Historically, there have been a fair few ply their trade, yet few that remain the memory. To my mind, the greatest of all time is The White Stripes. Having seen the band at Alexandra Palace (after the release of Get Behind Me Satan), I can pay testament to just how incredible they are (live). In fact, as I type- their greatest album- White Blood Cells is spinning. It is an album that never fails to amaze me; each song seems to reveal a new treasure or secret- it is a work filled with nuance and timeless joy. The White Stripes worked so well, because of the bond between Jack and Meg. Being formerly married (they perpetrated the ruse that they were brother and sister- to avoid press intrusion and gossip), there was a natural combination of intuition and conflict; a sense of loyalty, understanding and parabond. The Detroit twosome’s third album was not only a leap forward; it retained their core sound but augmented it emphatically- as well as signified a spectral and qualitative move forward for music at the time. During 2001, music was transitioning from the decline and burial of ‘Brtipop’; changes were taking place, and people were looking around for new and inspiring sounds. White Blood Cells is a 16-track collection of near-impecable genius. Aside from the odd track (I find We’re Going to Be Friends a bit too saccharine and slight), I am stunned at just how phenomenal the album is. No band today would have the nerve to record tracks like Aluminium or Little Room; few could match the contrasting brilliance of Hotel Yorba and Fell in Love with a Girl– tracks I Can Learn and I Can’t Wait will not help but grow and reveal their charms. Of course, the duo went on to create three more brilliant and fascinating albums (before they dissolved in 2011). We all know that Jack White has gone on to work with The Raconteurs and The Dead Weather (as well as a solo act); yet I feel that he was at his strongest as part of a duo. Aside from the defunct Michigan band, the likes of Simon & Garfunkel, Daft Punk, Steely Dan and The Carpenters have all made their marks on the music world. If the chemistry is right, then the music made can exceed expectations; inspire generations- and transcend the sounds of solo artists and bands. Aside from Daft Punk, most of the all-time great duos have succumbed to entropy. When looking around in the modern scene, there is plenty of evidence to suggest that worthy successor are rising through. Ohio’s The Black Keys are a Garage/Blues riot whom are leading the second wave (of Garage music), and are one of the best acts on the scenes. More than mere White Stripes appropriators, the bond of Dan Auerbach and Patrick Carney has enforced some incredible sounds- which has seen them scoop their fair share of Grammy Awards. You can tell by my list of duos, that none emanate from the U.K. Traditionally, our nation has always favoured (and promoted) solo and band music- we have not spurned our fair share of duos. The scene is changing, and a resurgence is occurring. Recently I reviewed (which they ignored) Royal Blood; a Brighton outfit making serious waves. Reviewer bitterness aside, I find their music to be some of the strongest of the moment. BBC are tipping them as one of their acts to watch, and their White Stripes-cum-Queens of the Stone Age Rawk riot, is something we will all be hearing a lot more of (this year). Australian/Swedish sister duo Say Lou Lou (another act I have surveyed), their “organic ethereal music landscapes with flowing instruments and vocals” have captured a multitude of minds and ears. As well as U.S./U.K. wonders The Kills, we have Brighton’s own Blood Red Shoes- two distinct acts with a boy-girl dynamic. I raise the discussion, because I am always on the look out for new and different music; with an original componency- where the bond of the musicians is solid and creatively conducive. As much as I love featuring solo acts, you are always looking at the one person; shining the spotlight on the output of a sole human being- songs formed by that one individual. With bands (as there are usually four or five members), it is often more about the music- rather than the bonds. With music duos, you not only get to witness a (ersatz or real) relationship at work, but also the people behind. The band market has enjoyed an hegemony and dominance for many-a-year now, and I feel that musical two-pieces are going to be leading a charge. The likes of The White Stripes have shown just how good music can be in the hands of two people; there is greater force than with a solo act but the equivalent majesty you would hear with a band- it is music at its most compelling and economical. I guess a lot of musicians are fearful of forming duos, afraid that they may not be able to summon up the same amount of force and conviction (as a band). I hope that this policy changes (very soon), as a lot of terrific music and partnerships are being missed out on; but, for now, let me introduce you to my featured act.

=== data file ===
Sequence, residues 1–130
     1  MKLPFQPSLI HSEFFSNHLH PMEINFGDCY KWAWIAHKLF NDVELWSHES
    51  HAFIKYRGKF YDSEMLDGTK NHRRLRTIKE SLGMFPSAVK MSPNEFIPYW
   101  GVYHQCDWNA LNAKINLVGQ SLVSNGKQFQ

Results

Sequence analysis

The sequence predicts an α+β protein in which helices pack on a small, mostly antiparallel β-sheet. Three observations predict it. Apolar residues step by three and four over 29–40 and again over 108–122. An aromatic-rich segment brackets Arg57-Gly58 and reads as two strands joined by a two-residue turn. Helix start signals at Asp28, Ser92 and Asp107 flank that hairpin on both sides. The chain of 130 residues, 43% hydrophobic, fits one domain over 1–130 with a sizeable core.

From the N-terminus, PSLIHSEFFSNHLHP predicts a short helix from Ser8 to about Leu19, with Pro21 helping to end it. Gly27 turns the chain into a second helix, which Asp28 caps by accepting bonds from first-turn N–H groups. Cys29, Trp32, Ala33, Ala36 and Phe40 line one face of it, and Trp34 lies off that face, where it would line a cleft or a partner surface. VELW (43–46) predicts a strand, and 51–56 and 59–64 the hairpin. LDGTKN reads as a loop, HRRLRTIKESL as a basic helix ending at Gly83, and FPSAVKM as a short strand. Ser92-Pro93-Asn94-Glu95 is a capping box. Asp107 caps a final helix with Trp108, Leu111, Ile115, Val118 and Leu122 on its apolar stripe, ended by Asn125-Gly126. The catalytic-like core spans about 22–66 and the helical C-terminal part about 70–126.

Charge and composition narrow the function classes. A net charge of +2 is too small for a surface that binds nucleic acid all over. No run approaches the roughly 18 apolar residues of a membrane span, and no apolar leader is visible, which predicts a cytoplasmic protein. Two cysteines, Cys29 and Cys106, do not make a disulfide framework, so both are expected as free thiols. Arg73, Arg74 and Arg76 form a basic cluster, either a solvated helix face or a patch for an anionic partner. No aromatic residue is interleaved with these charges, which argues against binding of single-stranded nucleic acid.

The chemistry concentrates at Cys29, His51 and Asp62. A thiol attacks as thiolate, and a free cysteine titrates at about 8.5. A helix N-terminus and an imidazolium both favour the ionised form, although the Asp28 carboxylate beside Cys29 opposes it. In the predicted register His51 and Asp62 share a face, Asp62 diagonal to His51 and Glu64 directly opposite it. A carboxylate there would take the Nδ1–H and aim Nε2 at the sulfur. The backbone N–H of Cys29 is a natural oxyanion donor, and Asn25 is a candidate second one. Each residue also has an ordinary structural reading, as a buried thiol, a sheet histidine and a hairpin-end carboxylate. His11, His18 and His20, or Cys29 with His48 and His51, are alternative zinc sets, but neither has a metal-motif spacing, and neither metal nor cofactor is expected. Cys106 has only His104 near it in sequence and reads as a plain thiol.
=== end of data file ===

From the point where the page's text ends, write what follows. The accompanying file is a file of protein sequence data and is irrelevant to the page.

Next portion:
In the course of my travels, I have had the pleasure of reviewing only a few acts who are based in (and hail from) the south of England. As well as my international feature-ees, most of my U.K.-based subjects are either situated in Yorkshire or Scotland (and occasionally the Midlands). A few of my recent reviews have looked at London-based acts; yet there seems to be a surfeit of Home Counties acts, currently making big impressions. Before I get more into Gypsyfingers themselves, here is a little biography: “Gypsyfingers is the collaborative musical creation of songwriter Victoria Coghlan & songwriter/producer Luke Oldfield (son of Tubular Bells’ Mike Oldfield) who blend the genres of folk, pop, spoken word, classical and electronic embedding their magical songs in subtle soundscapes. Victoria and Luke play almost all sounds and instruments themselves creating a modern orchestra of acoustic and electric instruments and textures. Multi-instrumentalists Victoria and Luke met in 2011 in London after Victoria returned moved back to her birth town from Paris. She was involved in underground gipsy, dance and rap music scenes there. Luke’s background is in rock and folk music and he runs Tilehouse Studios where his production skills were honed from a young age. Victoria and Luke’s contrasting musical backgrounds fused and soon blossomed into an intriguing and fresh-sounding collaboration, which they would work on recording during studio down-time. Victoria and Luke share vocal and songwriting duties with Victoria as the lead voice and writer. Victoria’s classically-trained intimate vocals go against the grain of recent popular culture’s trend for smokey, belting female vocalists (Adele, etc.) instead inviting the listener to listen more closely to the poetic and at times playful lyrics. The production of Luke Oldfield allow Victoria’s soft vocals space to breath and be heard, whilst building subtle musical worlds around the songs for listeners to explore“. You can see that duo have quite an extraordinary story behind them. I have known Luke for a while now, and familiar with his previous incarnations (playing in bands) and producing work. He is in love with music, and always keen to find the best and brightest around, and- in his role as producer- bring the best from them. A prolific guitarist and musician he was fortunate enough to have played at the opening ceremony of The 2012 Summer Olympics. Victoria has a striking beauty that is hard to ignore, and a voice that is unlike any I have witnessed. There is a definite trend for any singer to be the same as what is ‘in vogue’ or ‘trending’. As of 2014, the likes of Adele are still hugely favoured, and every dreary and awful (female) talent show contestant comes across as a third-rate knock-off. Setting aside my gripe and issues with ‘talent’ shows, the fact of the matter is this: we do not need another Adele. The best and richest voices stem from a unique source; those whom are determined to be themselves and present something that is unfamiliar to the listener- yet offers something wonderful, inspiring and fresh. It is no surprise that Oldfield and Coghlan are such a harmonious and successful duo. Aside from the bond of their relationship, the two share a love for evocative and spellbinding sounds; the need to be striking and original- whilst giving their public something cannot get from another act. As much as I love duos such as Royal Blood and Blood Red Shoes (aside from a shared blood type), there is not too much distinction to be found (both acts hail from Brighton). U.S. frontrunners such as The Black Keys are a little ahead of the likes of Royal Blood, but- even here- there is not a lot to choose between them. The styles and genres favoured may be different, but there is a definite emphasis on heavy sounds; in summoning up Blues and Rock sounds- with the key consideration being given to the sound rather than lyrics or the voice. Gypsyfingers are a leading a charge of duos whom not only can weave magic with their sounds, but also capture you with their words and voices. On May 2nd, the duo play at St. Pancras Old Church to launch the Circus Life album, as well as introduce some new faces to their music. On social media sites such as Facebook and Twitter, Gypsyfingers have a solid (and growing) following, yet I feel that they deserve more (fans). Whilst still being in their infancy, and making their first big strides, the duo are a name to watch very closely. Recently Coghlan and Oldfield have enjoyed the splendours and public transport of Brussels- as they were filming the video for their song, Return. A lot of work and effort has been expended over the past few months, ensuring that their L.P. is as strong as possible- it is a dedication to music that few other (new) acts share. Over the last few days, our duo have released the video for the song Eating Me– the lead-off single from the album. The video, shot in black-and-white (shot entirely on Super8) has a classic and noir feel to it; with Coghlan depicted in various scenes (including woodland) as the heroine. Interspersed with snippets of Oldfield, the promotional video is a perfect visual representation of the song, and as such, has been gathering positive and glowing reviews- many effusive commentators have added their praise to the duo. Our pioneering twosome have made some big leaps over the last year or so, forging and cementing their sound, and drawing in new and varied influences. Their previous E.P. (Gypsyfingers) was successfully received, and last year saw orders come in from all over the continent- including France, Belgium; Japan, Australia, Canada and New Zealand.  It seems that the duo already have a dedicated and multi-national following, which could provide tantalising future prospects. All of their previous history and movements have led them to the here and now- and the release of their debut L.P…